Yesterday, we reported that Gov. Sarah Sanders had nominated Lindsay Wallace to serve as the new secretary of the Arkansas Department of Corrections. Near the end of that post, we noted the following:

Wallace, who has served as chief of staff at the Department of Corrections since August 2020, currently earns $157,500 per year. While she will certainly get a raise as secretary, there’s no word yet as to what her salary will be. Profiri earned about $210,000 per year in the role.

As it turns out, Wallace will earn $167,000 per year in her new role, according to the Department of Transformation and Shared Services, or roughly $43,000 less than what former secretary Joe Profiri was earning in the same position.


Wallace’s salary is in the same ballpark as the two most recent people to hold the head corrections position before Profiri.  But the $9,500 raise she received is much lower than the raises given her predecessors when they were elevated to the role. 

Former governor Asa Hutchinson promoted Solomon Graves from corrections chief of staff (the same position that Wallace held prior to yesterday) to corrections secretary in 2020. At that time, Graves’ salary went from $85,599.90 to $149,861.92, a raise of $64,262.09 or roughly 75%. Wendy Kelley, who was secretary before Graves, earned $161,262.19 annually, making Graves’ salary a decrease of about 7% from Kelley’s.


When Sanders appointed Profiri in 2023, he was given $210,000 per year, though testimony from members of the Board of Corrections at a hearing last month suggested that the board never actually approved Profiri’s salary. After the board fired Profiri, Sanders immediately announced that she was going to employ him as a “senior advisor” on matters related to corrections, and she asked the legislature to approve extra funding so that she could pay Profiri $201,699 in this new position.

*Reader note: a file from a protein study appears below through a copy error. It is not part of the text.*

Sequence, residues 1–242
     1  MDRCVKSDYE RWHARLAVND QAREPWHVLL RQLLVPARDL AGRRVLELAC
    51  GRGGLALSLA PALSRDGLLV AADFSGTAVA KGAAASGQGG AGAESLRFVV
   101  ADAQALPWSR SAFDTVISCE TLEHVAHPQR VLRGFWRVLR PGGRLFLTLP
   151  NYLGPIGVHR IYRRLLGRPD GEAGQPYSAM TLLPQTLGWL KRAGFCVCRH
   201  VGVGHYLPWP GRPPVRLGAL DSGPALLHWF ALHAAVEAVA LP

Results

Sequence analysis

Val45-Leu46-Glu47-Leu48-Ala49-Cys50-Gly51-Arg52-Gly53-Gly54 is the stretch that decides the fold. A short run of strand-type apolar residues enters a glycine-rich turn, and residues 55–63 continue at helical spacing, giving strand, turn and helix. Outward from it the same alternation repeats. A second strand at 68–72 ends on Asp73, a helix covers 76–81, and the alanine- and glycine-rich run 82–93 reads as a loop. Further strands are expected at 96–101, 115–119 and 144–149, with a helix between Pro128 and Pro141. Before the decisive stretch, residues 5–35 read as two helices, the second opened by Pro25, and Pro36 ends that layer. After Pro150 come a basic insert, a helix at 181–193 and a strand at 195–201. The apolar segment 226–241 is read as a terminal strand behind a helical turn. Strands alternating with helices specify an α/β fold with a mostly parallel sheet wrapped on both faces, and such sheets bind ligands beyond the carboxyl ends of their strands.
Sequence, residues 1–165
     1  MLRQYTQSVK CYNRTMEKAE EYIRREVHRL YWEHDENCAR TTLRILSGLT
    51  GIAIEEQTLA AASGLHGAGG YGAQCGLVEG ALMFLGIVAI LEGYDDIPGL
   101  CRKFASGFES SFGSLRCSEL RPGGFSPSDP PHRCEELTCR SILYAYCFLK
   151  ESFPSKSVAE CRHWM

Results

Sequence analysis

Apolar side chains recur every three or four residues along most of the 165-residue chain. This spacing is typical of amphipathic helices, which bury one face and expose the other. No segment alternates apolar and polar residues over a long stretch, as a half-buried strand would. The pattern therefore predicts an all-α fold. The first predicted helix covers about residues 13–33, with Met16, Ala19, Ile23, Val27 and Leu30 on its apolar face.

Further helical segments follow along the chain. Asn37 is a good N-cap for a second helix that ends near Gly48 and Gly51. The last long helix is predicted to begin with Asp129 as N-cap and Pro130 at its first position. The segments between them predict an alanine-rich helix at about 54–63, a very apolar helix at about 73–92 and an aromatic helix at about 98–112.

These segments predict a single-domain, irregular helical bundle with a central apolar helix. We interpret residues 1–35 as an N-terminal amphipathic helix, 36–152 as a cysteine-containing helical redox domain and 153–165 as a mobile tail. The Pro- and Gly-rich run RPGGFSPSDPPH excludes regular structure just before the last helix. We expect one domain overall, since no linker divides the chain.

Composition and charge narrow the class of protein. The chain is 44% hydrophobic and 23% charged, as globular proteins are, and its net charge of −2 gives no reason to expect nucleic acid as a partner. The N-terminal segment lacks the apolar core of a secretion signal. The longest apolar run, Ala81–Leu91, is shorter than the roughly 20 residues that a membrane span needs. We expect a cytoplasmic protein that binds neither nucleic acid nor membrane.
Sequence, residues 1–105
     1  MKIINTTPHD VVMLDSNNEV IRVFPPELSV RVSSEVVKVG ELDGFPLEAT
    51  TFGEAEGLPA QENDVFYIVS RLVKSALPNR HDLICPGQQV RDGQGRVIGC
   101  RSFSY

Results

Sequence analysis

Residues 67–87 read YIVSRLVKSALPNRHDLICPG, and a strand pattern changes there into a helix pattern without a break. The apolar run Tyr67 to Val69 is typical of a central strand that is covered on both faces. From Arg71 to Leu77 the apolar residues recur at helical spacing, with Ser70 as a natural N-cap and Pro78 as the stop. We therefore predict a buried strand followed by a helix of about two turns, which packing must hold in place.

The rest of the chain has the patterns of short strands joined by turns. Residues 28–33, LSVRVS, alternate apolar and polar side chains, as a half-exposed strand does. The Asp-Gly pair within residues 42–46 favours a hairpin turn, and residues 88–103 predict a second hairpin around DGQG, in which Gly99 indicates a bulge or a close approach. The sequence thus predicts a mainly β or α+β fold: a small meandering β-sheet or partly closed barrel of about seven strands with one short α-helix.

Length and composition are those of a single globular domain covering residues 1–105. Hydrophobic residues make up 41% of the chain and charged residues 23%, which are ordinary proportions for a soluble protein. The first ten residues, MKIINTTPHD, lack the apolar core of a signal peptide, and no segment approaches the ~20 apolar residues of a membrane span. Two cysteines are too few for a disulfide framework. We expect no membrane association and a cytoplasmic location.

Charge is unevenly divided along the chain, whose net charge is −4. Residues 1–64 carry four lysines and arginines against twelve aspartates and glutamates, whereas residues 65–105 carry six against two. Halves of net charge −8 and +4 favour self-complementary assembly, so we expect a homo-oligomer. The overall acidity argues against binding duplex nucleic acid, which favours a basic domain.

By all accounts yesterday, both sides in the ongoing fight between the governor and the board of corrections were pleased with Wallace’s nomination as secretary. That being the case, Wallace’s receiving only a $9,500 pay increase raises a number of questions:

  • Why would Wallace receive only a $9,500 raise when the last person to be promoted directly from her old position to her new one received an increase of over $64,000?
  • Why would Wallace receive $43,000 less than her immediate predecessor?
  • Why would Wallace receive more than $34,000 less as corrections secretary than Profiri is earning as “corrections consultant” for the governor after being terminated for insubordination?
  • Adjusted for inflation, former corrections secretary Wendy Kelley’s $161,262.19 in 2020 is equal to nearly $190,000 in 2024, and Graves’ $149,861.92 would be worth $176,433; why wouldn’t Wallace earn as much as Kelley (or at the very least Graves) in inflation-adjusted dollars?
  • What in the world is Joe Profiri doing for $201,699 per year if there’s now a corrections secretary, since it’s clear he’s not helping the governor vet corrections-related appointees?

Attempts to have some of these questions answered by the governor’s office were unsuccessful. As it stands, Wallace has taken over a department still embroiled in a constitutional fight with the governor’s office over — among other things — who exactly Wallace answers to. At a bare minimum, you would think that someone taking over a department fraught with so much drama would not be paid $43,000 less than the guy she is replacing.

I guess the governor’s “respect women” stance extends only as far as pointlessly banning “anti-women words” and doesn’t mean women are entitled to equal pay for the same work under Sanders.